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J Neurosurg. 2001 Sep;95(3):503-6.

Foreign body reaction to hemostatic materials mimicking recurrent brain tumor. Report of three cases.

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  • 1Department of Neurosurgery, Beth Israel Medical Center, New York, New York 10128, USA.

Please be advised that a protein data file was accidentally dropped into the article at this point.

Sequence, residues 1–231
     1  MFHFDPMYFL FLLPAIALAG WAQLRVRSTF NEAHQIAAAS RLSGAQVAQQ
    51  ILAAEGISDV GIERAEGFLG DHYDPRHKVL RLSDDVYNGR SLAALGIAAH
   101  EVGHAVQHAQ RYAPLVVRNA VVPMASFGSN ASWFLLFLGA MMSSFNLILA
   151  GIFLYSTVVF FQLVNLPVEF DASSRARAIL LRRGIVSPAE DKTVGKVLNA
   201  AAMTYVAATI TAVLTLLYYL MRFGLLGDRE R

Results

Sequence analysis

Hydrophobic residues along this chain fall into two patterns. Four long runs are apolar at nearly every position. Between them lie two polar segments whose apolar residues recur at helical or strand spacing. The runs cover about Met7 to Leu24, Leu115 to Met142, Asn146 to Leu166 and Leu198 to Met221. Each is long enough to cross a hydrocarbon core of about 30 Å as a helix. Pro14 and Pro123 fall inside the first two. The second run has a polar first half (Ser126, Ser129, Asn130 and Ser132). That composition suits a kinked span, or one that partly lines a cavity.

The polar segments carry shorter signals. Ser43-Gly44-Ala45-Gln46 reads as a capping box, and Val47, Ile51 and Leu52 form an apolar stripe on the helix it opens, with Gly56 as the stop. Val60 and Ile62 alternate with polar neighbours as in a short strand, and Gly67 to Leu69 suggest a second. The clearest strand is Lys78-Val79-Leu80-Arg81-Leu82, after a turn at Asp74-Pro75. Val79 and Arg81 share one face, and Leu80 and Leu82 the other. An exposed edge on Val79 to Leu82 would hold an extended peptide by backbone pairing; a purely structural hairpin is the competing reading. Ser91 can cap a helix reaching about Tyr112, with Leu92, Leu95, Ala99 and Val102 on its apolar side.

Chemical agents routinely used in neurosurgery to achieve intraoperative hemostasis can cause a foreign body reaction, which appears on magnetic resonance (MR) images to be indistinguishable from recurrent tumor. Clinical and/or imaging evidence of progression of disease early after surgical resection or during aggressive treatment may actually be distinct features of granuloma in these circumstances. A series of three cases was retrospectively analyzed for clinical, imaging, surgical, and pathological findings, and the consequences they held for further disease management. All patients were boys (3, 3, and 6 years of age, respectively) and all harbored primitive neuroectodermal tumors. Two tumors were located in the posterior fossa and one was located in the right parietal lobe. Two boys exhibited clinical symptoms, which were unexpected under the circumstances and prompted new imaging studies. One patient was asymptomatic and imaging was performed at planned routine time intervals. The MR images revealed circumscribed, streaky enhancement in the resection cavity that was suggestive of recurrent disease. This occurred 2 to 7 months after the first surgery. At repeated surgery, the resected material had the macroscopic appearance of gelatin sponge in one case and firm scar tissue in the other cases. Histological analysis revealed foreign body granulomas in the resected material, with Gelfoam or Surgicel as the underlying cause. No recurrent tumor was found and the second surgery resulted in imaging-confirmed complete resection in all three patients. Because recurrent disease was absent, the patients continued to participate in their original treatment protocols. All patients remain free from disease 34, 32, and 19 months after the first operation, respectively. During or after treatment for a central nervous system neoplasm, if unexpected clinical or imaging evidence of recurrence is found, a second-look operation may be necessary to determine the true nature of the findings. If the resection yields recurrent tumor, additional appropriate oncological treatment is warranted, but if a foreign body reaction is found, potentially harmful therapy can be withheld or postponed.

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